Lesson 11: Writing Wordplay One-liners

How do you write one-liners? It all starts with words and phrases the comic encounters (or seeks out) in life. One approach to turning a phrase into a one-liner is misdirection which we explored in lesson 8. Misdirection jokes work on the ambiguity of phrases. Typically misdirection jokes are playing with assumptions, but sometimes there is a wordplay element too. In this blog we focus on wordplay jokes, including ones that are born of phrases. Let’s begin though by considering gags that are based around unpacking a single word. COMPOUND WORDS Words like ‘inkjet’ are compound words and can be unpacked to their constituent parts: in this case, ink and jet. For comic effect, you can also unpac

Lesson 10: Turning true stories into stand-up

There’s a problem with true stories in a stand-up context. The long set-up followed by the quick payoff is often the form that anecdotes take; they have this in common with the ‘shaggy dog story’ type of joke. It’s like we learned in the playground at school, and the format is perhaps about two minutes of set-up, with the quick payoff at the end. In modern stand-up you can't often get away with this long a set-up. You need to keep those payoff moments coming repeatedly. If you were doing a five-minute open-spot and had a couple of these two and a half minute stories with a solitary laugh at the end of each you'd only have two laughs! One laugh every 2.5 minutes does seem to be short-changing

Lesson 9: Using social gags in stand-up

In 2007 I interviewed Richard Herring in a Caffe Nero in Hammersmith for the short-lived comedy magazine The Fix. I’d recently seen him perform and was struck by an extended dialogue he performed between an elderly couple consigned to a bonfire. (Yes really). This took the form of an act-out. An act-out is a solo stand-up performing a dialogue between two or more characters. Often just two voices, it sometimes features mime and movement too. We explore act-outs in a future blog. In the interview, Herring remarked that his early comedy double-act with Stewart Lee had left him thinking comedically in terms of two voices. In the bonfire act-out he was literally performing two different voices b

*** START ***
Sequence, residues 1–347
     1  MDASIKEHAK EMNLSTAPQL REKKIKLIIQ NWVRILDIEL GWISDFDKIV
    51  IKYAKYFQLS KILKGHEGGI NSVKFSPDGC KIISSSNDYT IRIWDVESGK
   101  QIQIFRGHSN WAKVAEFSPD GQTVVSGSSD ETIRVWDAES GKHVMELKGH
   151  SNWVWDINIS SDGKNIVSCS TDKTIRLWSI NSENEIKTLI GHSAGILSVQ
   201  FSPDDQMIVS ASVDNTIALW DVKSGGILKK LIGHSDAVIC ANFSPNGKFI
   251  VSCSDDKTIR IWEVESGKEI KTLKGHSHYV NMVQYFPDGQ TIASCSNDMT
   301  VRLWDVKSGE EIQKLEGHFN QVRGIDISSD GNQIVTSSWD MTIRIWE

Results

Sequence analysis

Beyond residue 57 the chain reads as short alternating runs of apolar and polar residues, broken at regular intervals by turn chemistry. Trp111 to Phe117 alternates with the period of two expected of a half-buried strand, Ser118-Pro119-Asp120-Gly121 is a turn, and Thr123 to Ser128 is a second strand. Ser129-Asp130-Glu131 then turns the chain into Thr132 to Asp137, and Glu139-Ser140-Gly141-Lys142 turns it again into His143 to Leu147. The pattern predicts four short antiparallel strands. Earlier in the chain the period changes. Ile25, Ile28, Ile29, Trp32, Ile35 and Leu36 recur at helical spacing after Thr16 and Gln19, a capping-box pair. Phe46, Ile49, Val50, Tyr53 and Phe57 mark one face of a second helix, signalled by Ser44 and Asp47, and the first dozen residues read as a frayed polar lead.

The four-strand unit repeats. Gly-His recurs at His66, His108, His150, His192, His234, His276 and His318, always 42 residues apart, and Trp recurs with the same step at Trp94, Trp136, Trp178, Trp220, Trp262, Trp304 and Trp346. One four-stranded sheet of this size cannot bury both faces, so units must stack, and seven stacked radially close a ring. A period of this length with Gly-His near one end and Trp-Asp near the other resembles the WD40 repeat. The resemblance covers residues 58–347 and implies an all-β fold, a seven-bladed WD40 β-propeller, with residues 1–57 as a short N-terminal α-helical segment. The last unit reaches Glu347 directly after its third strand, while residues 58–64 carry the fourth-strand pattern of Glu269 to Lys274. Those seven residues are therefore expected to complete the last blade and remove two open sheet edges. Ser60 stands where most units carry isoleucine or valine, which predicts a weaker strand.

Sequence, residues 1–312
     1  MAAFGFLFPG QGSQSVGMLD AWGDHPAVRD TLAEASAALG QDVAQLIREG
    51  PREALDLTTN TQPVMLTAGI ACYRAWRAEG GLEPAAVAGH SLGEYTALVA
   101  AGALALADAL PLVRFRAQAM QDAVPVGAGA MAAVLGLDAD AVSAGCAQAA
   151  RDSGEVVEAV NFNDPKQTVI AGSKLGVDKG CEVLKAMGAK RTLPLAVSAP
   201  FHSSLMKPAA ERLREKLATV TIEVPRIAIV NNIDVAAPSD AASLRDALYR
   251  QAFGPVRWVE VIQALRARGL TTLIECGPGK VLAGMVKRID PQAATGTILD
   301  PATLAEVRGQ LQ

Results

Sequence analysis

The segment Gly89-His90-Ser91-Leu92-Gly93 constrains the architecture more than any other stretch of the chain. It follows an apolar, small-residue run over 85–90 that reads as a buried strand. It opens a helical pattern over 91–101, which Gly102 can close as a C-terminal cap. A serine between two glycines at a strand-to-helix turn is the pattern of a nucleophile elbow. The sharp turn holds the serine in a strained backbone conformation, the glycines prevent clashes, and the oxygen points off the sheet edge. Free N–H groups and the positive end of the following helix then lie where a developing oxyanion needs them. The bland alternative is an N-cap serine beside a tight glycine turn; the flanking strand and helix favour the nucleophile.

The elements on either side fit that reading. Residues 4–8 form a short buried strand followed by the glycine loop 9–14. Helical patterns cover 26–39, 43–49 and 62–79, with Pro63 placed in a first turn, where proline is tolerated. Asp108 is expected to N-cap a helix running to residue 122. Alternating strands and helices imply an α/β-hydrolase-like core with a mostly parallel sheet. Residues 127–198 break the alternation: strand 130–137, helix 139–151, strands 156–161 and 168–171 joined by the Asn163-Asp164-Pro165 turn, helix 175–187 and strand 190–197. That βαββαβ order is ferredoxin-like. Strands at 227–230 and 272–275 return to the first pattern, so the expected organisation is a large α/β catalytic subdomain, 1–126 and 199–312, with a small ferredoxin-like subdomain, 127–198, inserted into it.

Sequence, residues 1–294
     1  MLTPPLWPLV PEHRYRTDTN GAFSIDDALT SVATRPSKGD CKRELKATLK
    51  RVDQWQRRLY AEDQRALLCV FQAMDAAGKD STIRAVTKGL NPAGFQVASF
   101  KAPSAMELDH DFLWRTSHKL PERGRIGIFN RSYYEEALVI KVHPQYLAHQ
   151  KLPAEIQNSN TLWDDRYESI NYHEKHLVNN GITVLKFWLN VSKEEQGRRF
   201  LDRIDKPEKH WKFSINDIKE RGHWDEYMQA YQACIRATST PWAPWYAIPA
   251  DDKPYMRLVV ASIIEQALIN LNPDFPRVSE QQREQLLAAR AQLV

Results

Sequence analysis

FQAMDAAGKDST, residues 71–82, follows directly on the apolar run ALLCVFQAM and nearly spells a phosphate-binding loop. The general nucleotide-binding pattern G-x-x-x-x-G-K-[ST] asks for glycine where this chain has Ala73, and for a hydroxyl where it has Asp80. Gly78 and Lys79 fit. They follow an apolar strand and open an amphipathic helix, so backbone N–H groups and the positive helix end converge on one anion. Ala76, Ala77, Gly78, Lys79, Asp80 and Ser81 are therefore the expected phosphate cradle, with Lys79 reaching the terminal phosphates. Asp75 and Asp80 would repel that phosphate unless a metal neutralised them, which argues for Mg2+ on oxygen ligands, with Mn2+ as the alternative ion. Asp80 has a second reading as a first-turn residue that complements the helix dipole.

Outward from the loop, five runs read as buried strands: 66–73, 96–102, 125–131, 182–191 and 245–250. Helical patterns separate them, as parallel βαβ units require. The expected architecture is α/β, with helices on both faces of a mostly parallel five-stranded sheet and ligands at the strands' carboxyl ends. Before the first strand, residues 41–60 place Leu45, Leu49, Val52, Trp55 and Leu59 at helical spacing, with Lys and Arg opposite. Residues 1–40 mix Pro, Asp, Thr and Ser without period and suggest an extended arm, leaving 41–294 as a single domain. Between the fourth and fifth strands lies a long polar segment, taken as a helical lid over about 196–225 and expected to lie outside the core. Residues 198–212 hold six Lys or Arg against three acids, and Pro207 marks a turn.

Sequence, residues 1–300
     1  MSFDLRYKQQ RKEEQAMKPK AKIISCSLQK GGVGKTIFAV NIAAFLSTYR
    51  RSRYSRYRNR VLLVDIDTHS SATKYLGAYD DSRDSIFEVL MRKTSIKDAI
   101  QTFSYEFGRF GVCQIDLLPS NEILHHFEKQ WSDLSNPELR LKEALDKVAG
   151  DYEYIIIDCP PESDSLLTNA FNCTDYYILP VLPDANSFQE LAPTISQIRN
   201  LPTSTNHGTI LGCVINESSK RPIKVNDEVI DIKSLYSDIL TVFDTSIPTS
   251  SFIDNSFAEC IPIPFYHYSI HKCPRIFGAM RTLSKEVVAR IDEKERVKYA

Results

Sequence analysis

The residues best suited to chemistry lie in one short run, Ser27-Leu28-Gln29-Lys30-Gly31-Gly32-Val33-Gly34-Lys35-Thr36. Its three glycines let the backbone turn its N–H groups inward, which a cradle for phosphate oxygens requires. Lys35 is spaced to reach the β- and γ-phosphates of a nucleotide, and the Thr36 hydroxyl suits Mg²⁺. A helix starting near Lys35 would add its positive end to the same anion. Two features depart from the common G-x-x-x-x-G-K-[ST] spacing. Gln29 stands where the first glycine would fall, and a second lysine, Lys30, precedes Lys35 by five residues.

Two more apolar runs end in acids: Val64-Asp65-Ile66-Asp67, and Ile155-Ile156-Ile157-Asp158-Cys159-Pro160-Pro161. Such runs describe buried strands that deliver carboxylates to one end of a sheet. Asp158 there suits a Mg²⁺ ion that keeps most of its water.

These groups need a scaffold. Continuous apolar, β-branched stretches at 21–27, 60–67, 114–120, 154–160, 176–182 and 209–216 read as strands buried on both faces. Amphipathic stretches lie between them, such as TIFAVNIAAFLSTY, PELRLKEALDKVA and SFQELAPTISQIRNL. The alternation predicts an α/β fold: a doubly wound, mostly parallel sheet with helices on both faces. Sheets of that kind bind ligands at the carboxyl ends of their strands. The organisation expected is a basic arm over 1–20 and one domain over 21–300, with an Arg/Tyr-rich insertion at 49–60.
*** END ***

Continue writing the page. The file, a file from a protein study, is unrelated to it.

Lesson 8: Misdirection

Let’s zoom in and look more closely at a technique I mentioned in the last lesson: misdirection. I would unconsciously have laughed at misdirection for years, but I first became consciously aware of it watching Have I Got News For You in the 90s. (A formative decade for me.) I didn’t yet have a word for it, but I began to notice that host Angus Deayton would often make the audience assume he was talking about one news story and then, at the last moment, would reveal he was talking about another. The exact examples are lost to me in the mists of time, but here is a more recent one from Private Eye that I used to illustrate misdirection at a talk on satire at the BFI in London: The Daily Mail,

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